"Enter by the narrow gate. For the gate is wide and the way is easy that leads to destruction, and those who enter by it are many. For the gate is narrow and the way is hard that leads to life, and those who find it are few." (Matthew 7:13-14 ESV)
"That is the characteristic of this age. We have a tabloid mentality. We want to know a little bit of information about everything. But that is the exact opposite of what we have here. Take this book the Bible, the great old book of sixty-six books, written at different times by different people in different circumstances. In this book there is a great variety of subjects. There is much about creation and history; there is much about births and marriages and deaths and wars. And yet this book is not an encyclopedia. It is a very specialized book. It is the manual of the soul. This book has only one theme from beginning to end, and that one theme is God and man, or man in his relationship to the eternal God. It is not a book that tells you a little about many things. It is a book that tells you everything about that one central theme, and it keeps itself to that. It is a specialist book. And what is true of the book is true of the Master of the book. If ever there was a specialist in this world, it was the Lord Jesus Christ. Look at the things he might have done. Look at the ability, the knowledge, at his command. Yet he deliberately keeps himself to one theme. Had you ever noticed that as you read the four Gospels? There is a sense in which it is true to say that the Lord Jesus Christ had only one sermon, and he went on preaching that one sermon for three years. He varied his illustrations, but there was only one point. And that one essential sermon was about this whole question of the human soul in its relationship to the everlasting God."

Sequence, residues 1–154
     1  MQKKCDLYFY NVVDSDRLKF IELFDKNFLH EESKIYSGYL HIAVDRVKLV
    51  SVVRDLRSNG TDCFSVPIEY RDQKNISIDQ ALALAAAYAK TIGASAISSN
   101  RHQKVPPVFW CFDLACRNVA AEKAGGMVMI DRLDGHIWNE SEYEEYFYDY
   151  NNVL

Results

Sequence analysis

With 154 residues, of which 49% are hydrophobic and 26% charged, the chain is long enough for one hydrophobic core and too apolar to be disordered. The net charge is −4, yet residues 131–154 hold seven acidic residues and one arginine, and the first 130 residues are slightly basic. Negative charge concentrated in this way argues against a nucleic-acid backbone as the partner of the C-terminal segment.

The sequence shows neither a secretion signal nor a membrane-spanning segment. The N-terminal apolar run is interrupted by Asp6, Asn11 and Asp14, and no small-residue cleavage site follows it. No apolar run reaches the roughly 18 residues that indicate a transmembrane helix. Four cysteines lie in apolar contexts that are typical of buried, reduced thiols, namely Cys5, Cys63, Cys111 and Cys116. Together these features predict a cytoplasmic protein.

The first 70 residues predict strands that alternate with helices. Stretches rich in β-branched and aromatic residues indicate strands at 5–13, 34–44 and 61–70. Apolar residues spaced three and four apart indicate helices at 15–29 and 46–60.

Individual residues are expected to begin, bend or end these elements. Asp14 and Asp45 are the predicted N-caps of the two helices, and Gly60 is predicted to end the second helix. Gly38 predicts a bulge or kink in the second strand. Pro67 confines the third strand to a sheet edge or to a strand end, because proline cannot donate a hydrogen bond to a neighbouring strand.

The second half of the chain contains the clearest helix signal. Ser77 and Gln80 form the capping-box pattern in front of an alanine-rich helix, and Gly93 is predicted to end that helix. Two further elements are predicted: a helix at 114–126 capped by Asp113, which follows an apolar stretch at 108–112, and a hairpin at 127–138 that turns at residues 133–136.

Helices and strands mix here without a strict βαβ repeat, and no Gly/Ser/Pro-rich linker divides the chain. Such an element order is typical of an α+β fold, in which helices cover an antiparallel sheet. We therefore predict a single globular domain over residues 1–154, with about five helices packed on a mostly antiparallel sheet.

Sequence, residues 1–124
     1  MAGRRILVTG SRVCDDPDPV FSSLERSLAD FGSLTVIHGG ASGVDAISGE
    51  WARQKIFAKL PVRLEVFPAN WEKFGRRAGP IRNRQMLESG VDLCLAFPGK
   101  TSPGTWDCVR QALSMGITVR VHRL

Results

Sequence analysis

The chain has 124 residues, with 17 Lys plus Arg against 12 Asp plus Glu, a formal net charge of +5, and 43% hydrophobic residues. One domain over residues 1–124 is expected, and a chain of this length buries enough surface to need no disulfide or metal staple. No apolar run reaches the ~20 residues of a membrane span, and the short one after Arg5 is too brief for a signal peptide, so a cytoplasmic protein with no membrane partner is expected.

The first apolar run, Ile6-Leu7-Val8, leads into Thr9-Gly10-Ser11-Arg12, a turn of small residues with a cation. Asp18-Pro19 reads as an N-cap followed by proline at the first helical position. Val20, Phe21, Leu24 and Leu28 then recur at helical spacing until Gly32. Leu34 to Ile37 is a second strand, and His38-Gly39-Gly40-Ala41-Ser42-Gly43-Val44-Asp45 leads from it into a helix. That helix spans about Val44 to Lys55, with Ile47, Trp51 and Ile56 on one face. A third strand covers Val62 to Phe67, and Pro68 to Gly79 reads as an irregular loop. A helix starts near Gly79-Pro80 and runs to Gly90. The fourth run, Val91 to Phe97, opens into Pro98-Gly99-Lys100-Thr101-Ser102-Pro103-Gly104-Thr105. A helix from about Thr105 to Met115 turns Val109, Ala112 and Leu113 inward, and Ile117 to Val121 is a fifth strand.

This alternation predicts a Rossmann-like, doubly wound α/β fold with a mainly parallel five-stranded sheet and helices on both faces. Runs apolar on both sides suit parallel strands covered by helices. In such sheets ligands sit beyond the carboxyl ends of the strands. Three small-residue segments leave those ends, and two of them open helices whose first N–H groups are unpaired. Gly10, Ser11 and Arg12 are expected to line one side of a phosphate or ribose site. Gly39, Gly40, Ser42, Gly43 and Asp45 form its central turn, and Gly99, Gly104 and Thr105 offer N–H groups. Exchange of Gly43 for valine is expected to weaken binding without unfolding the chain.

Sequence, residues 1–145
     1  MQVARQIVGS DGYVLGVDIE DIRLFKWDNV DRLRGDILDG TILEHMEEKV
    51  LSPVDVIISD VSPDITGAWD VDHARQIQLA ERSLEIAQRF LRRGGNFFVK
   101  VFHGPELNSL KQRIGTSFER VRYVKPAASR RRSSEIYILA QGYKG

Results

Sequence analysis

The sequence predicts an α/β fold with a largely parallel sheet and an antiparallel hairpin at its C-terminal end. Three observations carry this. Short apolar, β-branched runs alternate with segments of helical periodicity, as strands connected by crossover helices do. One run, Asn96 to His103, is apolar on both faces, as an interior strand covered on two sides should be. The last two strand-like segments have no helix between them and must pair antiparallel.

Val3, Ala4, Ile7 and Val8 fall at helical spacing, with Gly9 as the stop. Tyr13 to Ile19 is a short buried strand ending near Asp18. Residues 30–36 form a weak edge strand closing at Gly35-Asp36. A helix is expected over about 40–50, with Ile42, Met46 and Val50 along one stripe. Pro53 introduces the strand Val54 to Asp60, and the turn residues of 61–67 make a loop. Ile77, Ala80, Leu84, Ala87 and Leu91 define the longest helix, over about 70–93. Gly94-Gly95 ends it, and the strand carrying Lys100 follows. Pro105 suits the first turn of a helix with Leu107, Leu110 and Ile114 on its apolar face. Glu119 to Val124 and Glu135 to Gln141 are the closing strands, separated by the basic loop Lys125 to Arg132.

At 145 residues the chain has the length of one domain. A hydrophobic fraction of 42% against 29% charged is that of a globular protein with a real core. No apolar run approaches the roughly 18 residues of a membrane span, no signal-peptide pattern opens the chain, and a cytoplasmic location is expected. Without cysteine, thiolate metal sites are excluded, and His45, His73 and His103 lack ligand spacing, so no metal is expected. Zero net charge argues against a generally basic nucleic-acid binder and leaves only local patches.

~ Martyn Lloyd-Jones, Setting Our Affections upon Glory: Nine Sermons on the Gospel and the Church.
The complete text of this sermon has also been republished in the Christ-centered Preaching of Martyn Lloyd-Jones (Crossway, 2014), and this particular sermon is available online here and free in this PDF.
Etching above is "The Wicket Gate", by Robin Tanner.